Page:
WASHINGTON — On the campaign trail and online, President Donald Trump is pushing debunked and unsupported claims that mail-in voting leads to widespread fraud. But in court, far from the bluster of his rallies and Twitter rants, a growing number of judges have examined the evidence he’s presented to back those claims and found it unconvincing.
On Saturday, US District Judge J. Nicholas Ranjan in Pittsburgh tossed a lawsuit filed by Trump’s campaign and the Republican National Committee that challenged some of Pennsylvania’s plans to make it easier for residents to vote remotely during the coronavirus pandemic. Specifically, Trump and the RNC argued the state shouldn’t be able to set up drop boxes where voters can return ballots — as opposed to sending them back by mail — and count ballots if the voter’s signature doesn’t match the one that election officials have on file.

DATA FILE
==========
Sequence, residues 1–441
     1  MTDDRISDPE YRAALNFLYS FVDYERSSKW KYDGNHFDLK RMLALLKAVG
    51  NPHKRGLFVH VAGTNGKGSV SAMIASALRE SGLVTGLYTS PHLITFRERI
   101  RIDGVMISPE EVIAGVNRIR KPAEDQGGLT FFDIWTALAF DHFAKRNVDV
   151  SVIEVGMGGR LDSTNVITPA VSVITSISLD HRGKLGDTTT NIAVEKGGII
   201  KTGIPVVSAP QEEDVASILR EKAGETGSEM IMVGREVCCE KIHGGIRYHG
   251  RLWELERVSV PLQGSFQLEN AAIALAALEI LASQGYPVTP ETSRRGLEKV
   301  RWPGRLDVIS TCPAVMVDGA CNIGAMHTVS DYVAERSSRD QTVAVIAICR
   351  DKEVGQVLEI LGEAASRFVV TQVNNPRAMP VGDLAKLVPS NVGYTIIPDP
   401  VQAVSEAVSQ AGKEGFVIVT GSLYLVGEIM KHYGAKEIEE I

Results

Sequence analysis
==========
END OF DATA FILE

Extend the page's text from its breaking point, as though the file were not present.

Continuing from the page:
Ranjan wrote that, at most, the campaign and the RNC presented a “chain of theoretical events” to show how Pennsylvania’s election policies could lead to voter fraud. For a plaintiff to have standing to bring a lawsuit, they have to show some kind of harm, and without more than speculation about what might happen in the future, Trump’s lawsuit couldn’t clear that bar, the judge concluded.
“While Plaintiffs may not need to prove actual voter fraud, they must at least prove that such fraud is ‘certainly impending.’ They haven’t met that burden. At most, they have pieced together a sequence of uncertain assumptions,” wrote Ranjan, who was nominated by Trump to the US District Court for the Western District of Pennsylvania and confirmed in July 2019.